Robert A. (Bob) Westbrooks was appointed Deputy Inspector General in July 2013. He previously served as Deputy Assistant Inspector General for Investigations at the U.S. Department of...
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Audit Report 2-01: Loan Origination and Servicing Practices of Net 1st National Bank
On October 29, 2001, the OIG issued Audit Report 2-01, Loan Origination and Servicing Practices of Net 1st National Bank. In a June 2000 examination report, the Office of the Comptroller of the Currency (OCC) identified 12 SBA- guaranteed loans that it believed increased the government’s risk of loss. The OCC referred this matter to SBA’s South Florida District Office who referred the matter to the OIG in July 2000. The OCC stated that the bank was materially mismanaging its 7(a) loan portfolio. The OCC and the bank subsequently entered into a consent order that required the bank to cease making SBA-guaranteed loans until its lending, processing, and servicing procedures improved. The consent order was lifted in November 2000.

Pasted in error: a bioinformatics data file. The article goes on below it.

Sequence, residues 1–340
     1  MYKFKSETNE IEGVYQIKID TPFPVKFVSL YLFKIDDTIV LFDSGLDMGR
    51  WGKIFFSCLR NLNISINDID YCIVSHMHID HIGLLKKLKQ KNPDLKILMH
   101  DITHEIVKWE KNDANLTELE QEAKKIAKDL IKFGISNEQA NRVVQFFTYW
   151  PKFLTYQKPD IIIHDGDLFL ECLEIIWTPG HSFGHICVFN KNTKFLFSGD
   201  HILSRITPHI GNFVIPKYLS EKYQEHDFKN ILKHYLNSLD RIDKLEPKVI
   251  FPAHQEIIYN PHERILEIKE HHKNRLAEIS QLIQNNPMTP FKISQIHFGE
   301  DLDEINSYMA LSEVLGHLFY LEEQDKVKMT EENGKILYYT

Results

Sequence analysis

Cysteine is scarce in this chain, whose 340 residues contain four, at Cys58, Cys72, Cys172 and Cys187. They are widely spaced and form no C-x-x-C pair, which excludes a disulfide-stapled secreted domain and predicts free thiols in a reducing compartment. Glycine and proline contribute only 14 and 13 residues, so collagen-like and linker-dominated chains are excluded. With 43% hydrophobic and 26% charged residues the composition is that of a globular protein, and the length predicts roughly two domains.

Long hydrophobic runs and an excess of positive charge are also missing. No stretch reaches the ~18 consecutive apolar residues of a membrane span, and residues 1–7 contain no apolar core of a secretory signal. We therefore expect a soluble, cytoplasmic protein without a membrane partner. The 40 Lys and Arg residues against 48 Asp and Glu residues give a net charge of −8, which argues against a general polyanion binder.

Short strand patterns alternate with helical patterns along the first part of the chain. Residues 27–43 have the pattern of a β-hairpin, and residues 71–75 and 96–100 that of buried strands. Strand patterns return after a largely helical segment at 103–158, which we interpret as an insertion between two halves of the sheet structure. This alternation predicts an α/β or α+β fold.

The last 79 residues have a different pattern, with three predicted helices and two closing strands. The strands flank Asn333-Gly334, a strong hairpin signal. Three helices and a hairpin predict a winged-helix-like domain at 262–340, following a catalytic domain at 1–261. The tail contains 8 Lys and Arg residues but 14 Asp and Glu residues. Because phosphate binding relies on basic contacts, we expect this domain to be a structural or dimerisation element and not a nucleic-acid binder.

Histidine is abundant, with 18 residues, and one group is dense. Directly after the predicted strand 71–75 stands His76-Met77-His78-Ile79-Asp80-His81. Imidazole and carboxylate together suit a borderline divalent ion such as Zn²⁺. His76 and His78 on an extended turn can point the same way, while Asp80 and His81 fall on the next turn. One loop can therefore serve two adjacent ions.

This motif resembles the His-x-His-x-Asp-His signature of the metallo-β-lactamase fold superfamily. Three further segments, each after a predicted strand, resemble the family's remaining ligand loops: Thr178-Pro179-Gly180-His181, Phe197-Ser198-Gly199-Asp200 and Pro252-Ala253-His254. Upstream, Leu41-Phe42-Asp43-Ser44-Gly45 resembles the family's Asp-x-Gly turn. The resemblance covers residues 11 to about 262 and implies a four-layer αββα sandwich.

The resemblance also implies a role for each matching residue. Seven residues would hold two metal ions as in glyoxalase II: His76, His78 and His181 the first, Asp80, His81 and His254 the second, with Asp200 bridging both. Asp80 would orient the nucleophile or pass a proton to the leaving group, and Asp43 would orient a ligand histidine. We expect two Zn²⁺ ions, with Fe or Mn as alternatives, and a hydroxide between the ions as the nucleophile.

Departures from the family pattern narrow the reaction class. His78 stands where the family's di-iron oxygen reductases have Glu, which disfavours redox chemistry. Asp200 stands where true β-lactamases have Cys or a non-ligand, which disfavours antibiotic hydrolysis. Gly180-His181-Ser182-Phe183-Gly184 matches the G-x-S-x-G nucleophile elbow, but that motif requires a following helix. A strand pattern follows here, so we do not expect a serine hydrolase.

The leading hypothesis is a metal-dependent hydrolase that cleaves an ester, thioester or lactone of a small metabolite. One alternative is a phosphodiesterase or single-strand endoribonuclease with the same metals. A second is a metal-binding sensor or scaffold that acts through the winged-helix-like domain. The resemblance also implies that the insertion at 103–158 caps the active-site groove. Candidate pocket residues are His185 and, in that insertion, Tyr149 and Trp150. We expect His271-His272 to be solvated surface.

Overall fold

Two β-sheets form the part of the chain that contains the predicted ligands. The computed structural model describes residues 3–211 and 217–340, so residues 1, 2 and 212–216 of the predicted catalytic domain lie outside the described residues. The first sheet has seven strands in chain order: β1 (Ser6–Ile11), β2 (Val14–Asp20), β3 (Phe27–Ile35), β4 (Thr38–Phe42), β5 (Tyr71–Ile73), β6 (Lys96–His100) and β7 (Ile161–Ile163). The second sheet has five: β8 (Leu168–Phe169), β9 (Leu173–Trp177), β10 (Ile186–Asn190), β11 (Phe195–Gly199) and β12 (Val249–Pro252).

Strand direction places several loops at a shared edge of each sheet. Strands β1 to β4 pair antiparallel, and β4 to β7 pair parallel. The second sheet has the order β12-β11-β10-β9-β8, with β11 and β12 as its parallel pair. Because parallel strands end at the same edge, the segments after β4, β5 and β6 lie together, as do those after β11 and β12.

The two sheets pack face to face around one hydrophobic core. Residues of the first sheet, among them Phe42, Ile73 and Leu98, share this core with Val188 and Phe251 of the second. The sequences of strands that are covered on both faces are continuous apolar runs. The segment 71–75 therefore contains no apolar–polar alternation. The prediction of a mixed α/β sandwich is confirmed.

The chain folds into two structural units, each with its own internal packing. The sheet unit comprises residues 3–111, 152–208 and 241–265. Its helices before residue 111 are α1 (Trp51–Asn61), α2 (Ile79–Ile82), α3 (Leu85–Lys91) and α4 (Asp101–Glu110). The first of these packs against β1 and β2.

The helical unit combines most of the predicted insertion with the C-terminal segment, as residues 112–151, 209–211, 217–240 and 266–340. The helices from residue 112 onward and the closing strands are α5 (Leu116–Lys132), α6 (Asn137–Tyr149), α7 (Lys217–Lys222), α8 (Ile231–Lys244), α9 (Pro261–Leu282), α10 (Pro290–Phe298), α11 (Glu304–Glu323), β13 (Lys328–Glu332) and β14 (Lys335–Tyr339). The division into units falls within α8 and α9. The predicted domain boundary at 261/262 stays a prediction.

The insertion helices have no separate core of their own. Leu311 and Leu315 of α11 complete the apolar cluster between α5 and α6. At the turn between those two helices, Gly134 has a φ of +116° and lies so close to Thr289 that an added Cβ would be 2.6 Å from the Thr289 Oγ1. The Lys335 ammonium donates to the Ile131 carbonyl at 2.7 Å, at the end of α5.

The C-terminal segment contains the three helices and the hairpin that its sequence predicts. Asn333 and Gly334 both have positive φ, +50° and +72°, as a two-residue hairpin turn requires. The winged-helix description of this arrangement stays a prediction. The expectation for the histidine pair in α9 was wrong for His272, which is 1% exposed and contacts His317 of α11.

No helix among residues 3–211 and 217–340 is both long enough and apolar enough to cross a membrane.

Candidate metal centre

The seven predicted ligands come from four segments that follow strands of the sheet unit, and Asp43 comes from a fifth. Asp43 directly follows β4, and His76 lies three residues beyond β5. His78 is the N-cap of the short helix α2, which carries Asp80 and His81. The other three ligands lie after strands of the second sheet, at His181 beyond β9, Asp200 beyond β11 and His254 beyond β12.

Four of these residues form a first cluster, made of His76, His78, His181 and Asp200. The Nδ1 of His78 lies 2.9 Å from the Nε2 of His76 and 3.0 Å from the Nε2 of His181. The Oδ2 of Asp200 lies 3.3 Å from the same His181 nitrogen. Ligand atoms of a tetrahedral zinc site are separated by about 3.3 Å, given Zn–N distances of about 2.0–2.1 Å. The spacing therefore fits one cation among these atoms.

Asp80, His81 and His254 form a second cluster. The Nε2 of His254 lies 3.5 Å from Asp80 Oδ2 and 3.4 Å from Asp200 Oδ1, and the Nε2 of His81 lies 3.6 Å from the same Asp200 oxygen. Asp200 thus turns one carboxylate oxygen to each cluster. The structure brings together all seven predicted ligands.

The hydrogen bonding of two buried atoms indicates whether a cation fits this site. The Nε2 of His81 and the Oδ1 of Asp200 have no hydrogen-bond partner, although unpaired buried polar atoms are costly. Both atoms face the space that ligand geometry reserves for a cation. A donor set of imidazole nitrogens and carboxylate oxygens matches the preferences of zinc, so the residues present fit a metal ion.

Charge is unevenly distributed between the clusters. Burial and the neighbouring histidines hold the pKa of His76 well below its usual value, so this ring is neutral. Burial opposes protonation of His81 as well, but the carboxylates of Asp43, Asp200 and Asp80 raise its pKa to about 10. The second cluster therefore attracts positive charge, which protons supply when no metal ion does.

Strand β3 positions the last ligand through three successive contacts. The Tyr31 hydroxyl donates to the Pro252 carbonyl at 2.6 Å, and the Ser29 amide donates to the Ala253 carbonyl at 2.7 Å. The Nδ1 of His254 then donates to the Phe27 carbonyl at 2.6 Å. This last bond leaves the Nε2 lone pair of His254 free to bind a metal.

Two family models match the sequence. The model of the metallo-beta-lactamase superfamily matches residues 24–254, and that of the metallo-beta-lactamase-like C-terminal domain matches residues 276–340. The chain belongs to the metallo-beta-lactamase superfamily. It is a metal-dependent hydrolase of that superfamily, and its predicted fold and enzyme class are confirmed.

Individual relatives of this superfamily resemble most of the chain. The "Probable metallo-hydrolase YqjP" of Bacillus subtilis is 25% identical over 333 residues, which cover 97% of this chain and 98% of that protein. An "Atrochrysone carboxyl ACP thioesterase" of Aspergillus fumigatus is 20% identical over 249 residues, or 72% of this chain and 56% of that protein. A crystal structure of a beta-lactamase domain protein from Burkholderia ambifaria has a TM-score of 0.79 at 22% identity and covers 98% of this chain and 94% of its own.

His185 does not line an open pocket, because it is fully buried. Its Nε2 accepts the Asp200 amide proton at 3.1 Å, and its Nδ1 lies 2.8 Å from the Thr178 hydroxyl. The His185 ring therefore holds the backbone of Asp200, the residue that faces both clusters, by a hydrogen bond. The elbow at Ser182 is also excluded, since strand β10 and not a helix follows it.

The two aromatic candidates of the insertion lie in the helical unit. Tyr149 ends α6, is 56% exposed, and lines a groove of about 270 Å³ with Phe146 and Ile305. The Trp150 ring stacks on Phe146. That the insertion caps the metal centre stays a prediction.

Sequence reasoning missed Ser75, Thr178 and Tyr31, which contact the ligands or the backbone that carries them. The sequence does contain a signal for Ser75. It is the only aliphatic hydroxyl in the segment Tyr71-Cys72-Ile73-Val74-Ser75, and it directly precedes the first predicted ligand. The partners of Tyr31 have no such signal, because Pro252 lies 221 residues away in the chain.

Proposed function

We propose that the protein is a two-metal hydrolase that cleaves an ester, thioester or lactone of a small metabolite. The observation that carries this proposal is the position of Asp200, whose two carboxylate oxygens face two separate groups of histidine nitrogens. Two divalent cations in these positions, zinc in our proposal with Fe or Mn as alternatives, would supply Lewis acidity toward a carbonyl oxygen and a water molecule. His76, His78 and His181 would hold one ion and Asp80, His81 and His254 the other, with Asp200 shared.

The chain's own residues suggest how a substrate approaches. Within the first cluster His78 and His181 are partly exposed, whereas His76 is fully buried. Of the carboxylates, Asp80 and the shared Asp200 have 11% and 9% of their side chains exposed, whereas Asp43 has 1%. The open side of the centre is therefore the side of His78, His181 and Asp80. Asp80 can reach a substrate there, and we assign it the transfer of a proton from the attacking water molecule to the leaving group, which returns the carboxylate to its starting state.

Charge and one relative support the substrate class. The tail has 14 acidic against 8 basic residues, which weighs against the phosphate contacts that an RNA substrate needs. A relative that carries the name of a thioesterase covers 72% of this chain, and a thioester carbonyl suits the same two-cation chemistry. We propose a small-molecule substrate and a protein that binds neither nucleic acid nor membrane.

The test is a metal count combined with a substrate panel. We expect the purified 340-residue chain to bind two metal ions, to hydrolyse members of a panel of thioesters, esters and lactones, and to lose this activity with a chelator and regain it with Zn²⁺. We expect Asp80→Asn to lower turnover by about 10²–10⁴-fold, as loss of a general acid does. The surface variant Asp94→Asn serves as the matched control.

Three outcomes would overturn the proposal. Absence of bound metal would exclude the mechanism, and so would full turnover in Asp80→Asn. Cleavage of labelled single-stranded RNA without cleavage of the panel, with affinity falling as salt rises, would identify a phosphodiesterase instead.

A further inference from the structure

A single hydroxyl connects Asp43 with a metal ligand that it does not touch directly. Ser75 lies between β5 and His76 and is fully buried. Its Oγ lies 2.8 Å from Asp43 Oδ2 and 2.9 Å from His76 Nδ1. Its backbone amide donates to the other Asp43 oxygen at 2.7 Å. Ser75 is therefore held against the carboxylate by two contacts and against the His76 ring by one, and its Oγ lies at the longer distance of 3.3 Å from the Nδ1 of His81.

The purpose of this audit was to determine if 7(a) loans were processed and serviced in accordance with SBA policies and procedures. If not, the OIG would determine if the deficiencies were material and the cause of the deficiencies. From the 72 committed, current, and troubled loans in the lender’s portfolio on October 31, 2000, the OIG selected nine loans for review, eight of which were cited in the OCC report, and one additional loan based on its troubled status. To verify that the lender had corrected the deficiencies cited by the OCC, the OIG reviewed three of the six new loans disbursed during the period November 2000 to March 2001.
The OIG found that prior to the consent order, the bank was not processing and servicing 7(a) loans in accordance with SBA policies and procedures. The bank did not have evidence of a comprehensive written SBA lending policy, and did not have competent experienced lending staff. Both the OCC and the OIG identified numerous deficiencies for loans processed prior to the execution of the consent order. In response to the OCC’s findings, the lender took actions to improve its loan processing and servicing practices. However, the OIG noted additional improvements that were needed, including: (1) equity injection documentation; (2) use of loan proceeds; (3) packager and loan service provider compensation; and (4) compensation documentation paid to outside agents. The OIG recommended that the District Director of the South Florida District Office require the bank to make improvements in its lending practices in the areas of equity injection, loan proceeds, and compensation paid to outside agents.